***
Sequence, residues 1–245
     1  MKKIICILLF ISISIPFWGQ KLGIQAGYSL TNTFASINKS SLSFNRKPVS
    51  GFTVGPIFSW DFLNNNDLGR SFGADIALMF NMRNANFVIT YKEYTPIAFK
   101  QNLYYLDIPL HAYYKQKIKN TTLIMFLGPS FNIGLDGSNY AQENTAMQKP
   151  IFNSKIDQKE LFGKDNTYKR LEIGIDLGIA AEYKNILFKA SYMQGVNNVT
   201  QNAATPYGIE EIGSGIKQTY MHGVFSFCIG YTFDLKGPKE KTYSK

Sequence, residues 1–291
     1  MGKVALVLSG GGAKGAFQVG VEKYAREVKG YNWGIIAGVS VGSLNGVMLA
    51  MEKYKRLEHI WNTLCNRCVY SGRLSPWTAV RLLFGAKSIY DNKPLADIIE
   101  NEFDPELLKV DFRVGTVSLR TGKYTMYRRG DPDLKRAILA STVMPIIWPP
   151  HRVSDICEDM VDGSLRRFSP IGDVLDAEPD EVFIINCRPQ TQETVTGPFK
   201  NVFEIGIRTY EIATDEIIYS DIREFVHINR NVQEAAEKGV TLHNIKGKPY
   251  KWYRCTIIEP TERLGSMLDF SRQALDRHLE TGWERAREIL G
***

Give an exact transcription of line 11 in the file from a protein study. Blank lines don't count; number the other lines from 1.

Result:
   151  HRVSDICEDM VDGSLRRFSP IGDVLDAEPD EVFIINCRPQ TQETVTGPFK